The trip began with a Monday blessing, and a group of Roman Catholic nuns has started another journey by bus, their fifth since 2012, this one covering 15 states and addressing income and wealth inequality – the theme: Mend the Gaps.
Nuns on the Bus is a project of NETWORK Lobby for Catholic Social Justice, an organization formed 44 years ago: “NETWORK commits to upholding human dignity, embracing our right and responsibility to participate, standing with those living in poverty, bridging divisions, uniting with workers, and nurturing the earth.”
Events along the way will include caucuses, workshops, a prayer breakfast and other community meals, rallies and celebrations of the Mass.
Wisconsin Public Radio reports on the sisters’ journey, which begins in that state and ends in Pennsylvania:
The group hopes to bridge the chasms within society by doing everything from funding a new census to changing the tax structure, said Sister Simone Campbell, executive director of NETWORK Lobby for Catholic Social Justice and leader of NETWORK’s Nuns on the Bus group.
“Too often, we’re giving tax cuts to those at the top, but you know what? It’s adversely impacting those at the bottom,” she said. “We all have to contribute to the common good.”
The Network, and the bus project, is purposefully political:
Janesville’s unique political makeup makes it the first stop on the tour, as the central topic of this year’s tour is societal divisions, Campbell said. The area is represented by House Speaker Paul Ryan, a Republican, and U.S. Rep. Mark Pocan, a member of the Congressional Progressive Caucus.
“We thought that any area that could be represented by two such different folks created the possibility for dialogue and engagement,” Campbell said. “That’s the perfect place to learn how to mend the gaps because certainly their political perspectives are dramatically different, but it’s one people in one county.”
The Nuns on the Bus first hit the road to highlight social justice issues and protest a federal budget that was proposed by Ryan, who cited his Catholic faith when he proposed the budget cuts. But the members of Nuns on the Bus opposed it, arguing that the proposal would help the rich at the expense of the poor.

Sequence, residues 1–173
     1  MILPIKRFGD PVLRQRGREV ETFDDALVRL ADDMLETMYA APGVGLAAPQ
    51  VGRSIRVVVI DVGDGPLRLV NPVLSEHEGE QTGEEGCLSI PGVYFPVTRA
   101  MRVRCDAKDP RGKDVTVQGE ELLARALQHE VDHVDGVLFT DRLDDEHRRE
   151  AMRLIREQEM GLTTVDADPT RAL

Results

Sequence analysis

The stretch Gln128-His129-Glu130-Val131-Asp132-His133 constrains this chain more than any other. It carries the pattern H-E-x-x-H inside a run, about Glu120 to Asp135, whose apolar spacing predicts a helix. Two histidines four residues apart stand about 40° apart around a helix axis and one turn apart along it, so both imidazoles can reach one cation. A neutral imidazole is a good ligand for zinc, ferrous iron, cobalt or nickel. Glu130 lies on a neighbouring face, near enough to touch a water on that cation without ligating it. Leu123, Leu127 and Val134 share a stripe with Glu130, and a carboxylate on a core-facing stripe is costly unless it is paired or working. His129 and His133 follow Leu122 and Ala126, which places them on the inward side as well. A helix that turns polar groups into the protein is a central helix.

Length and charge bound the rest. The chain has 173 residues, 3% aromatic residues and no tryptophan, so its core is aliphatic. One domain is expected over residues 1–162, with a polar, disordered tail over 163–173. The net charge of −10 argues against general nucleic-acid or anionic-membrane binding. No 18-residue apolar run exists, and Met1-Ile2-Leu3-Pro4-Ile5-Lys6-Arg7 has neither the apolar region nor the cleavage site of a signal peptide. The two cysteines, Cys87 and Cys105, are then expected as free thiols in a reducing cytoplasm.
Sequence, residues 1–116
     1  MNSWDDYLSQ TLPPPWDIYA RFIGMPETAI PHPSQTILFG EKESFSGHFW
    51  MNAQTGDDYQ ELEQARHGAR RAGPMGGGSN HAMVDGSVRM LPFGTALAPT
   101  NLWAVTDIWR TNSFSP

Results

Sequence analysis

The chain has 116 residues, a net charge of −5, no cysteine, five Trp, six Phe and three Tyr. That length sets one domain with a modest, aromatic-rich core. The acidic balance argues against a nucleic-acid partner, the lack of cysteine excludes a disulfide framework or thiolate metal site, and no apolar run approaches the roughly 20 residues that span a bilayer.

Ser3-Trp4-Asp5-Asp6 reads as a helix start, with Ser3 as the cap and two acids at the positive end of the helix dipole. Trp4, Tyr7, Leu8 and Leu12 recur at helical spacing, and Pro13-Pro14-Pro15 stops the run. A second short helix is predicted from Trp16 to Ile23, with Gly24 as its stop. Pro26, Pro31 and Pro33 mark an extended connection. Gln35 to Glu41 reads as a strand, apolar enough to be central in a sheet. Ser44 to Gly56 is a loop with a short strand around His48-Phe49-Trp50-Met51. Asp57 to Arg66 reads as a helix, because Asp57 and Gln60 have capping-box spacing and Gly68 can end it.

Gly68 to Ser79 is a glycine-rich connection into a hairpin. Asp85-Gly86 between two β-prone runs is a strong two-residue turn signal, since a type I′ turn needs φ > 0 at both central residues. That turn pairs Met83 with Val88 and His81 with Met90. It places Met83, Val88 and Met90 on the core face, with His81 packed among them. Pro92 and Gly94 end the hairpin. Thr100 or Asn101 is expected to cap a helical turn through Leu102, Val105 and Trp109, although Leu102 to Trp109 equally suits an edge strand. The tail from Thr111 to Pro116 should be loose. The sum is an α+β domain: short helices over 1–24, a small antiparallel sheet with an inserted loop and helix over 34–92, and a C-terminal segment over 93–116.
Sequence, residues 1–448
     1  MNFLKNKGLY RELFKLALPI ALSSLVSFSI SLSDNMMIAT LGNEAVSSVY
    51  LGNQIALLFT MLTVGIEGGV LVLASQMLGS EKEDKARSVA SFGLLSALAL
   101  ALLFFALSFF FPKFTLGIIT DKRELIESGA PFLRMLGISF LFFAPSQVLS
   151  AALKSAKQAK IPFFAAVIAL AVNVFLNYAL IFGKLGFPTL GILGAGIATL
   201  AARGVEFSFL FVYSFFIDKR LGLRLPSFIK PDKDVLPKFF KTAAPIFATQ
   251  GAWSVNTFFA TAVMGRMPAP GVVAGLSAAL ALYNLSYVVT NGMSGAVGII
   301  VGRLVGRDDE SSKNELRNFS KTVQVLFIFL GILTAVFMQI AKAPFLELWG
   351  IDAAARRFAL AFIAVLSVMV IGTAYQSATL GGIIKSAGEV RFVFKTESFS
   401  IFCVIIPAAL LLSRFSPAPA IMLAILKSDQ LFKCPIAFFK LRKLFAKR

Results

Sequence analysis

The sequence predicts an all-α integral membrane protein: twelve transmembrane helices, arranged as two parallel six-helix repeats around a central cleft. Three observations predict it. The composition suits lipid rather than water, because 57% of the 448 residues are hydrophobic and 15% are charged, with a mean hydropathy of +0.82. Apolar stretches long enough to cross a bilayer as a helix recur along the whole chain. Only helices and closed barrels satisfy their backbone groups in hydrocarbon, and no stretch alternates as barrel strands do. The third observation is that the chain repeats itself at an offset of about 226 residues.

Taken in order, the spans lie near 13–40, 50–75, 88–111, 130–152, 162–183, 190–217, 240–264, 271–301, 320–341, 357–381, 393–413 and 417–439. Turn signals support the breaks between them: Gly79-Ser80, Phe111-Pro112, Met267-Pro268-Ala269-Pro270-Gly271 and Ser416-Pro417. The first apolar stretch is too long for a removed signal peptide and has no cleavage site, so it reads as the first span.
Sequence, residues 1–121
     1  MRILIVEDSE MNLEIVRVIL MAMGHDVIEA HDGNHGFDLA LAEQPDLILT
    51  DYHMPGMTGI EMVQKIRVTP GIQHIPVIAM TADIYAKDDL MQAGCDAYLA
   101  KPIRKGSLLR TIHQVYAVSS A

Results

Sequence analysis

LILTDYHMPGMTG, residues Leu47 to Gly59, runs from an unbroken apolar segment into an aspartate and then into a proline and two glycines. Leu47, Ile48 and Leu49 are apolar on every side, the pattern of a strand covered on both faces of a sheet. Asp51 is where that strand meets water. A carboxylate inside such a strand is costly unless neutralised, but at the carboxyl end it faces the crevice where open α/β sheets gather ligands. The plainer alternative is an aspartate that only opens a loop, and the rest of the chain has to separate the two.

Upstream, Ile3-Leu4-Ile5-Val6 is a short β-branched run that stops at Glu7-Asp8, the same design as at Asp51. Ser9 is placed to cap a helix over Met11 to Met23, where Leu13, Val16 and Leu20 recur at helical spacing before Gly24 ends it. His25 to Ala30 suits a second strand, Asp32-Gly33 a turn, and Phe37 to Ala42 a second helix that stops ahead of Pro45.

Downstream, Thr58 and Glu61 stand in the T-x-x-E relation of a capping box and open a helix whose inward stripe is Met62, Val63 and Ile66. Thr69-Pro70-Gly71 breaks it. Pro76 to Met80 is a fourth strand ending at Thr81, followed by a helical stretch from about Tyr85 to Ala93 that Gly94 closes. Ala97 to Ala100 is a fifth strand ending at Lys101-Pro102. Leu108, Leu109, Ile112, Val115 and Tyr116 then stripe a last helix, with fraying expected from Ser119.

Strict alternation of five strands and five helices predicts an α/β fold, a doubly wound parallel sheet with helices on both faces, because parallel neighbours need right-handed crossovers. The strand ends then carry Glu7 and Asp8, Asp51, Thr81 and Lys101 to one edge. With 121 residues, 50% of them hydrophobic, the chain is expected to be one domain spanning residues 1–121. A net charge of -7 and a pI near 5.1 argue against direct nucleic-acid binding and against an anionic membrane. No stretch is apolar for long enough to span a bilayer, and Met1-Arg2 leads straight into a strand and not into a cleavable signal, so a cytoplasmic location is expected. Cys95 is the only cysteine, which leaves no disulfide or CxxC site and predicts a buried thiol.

Campbell, who is also an attorney and poet, described engagement in the political world as a challenging, but necessary expression of her faith.
“In our society, in a democracy, the way we make our values seen is by stepping into that political world. It’s much easier to do direct service and do charity,” she said. “Doing this political work is hard, because I have to listen to people who disagree with me, I have to figure a way out that includes them as well as my perspective, and together we can move forward.”
The Baltimore Sun, in a profile of Sister Ilaria Buonriposi, an area nun chosen to join the trip, gives some more background into the group of travelers:
Buonriposi, 51, who lives and works at St. Matthew Catholic Church in Baltimore, is about to join the Nuns on The Bus, an annual initiative in which a group of Catholic sisters takes a tour of several states by bus, stopping in multiple places along the way to work with the needy and draw attention to social-justice causes.
Sisters who specialize in applying Catholic doctrine to societal problems are chosen from parishes across the country.
Buonriposi, a native of Florence, Italy, who has lived in Baltimore since 2009, is the first sister based in town to join the tour.
This year’s tour — the fifth — starts in Madison, Wis., on Monday, and will take a rotating roster of 18 nuns 2,400 miles through 13 states, finally rolling into Philadelphia on July 25.
Photo from NETWORK Lobby Flickr feed.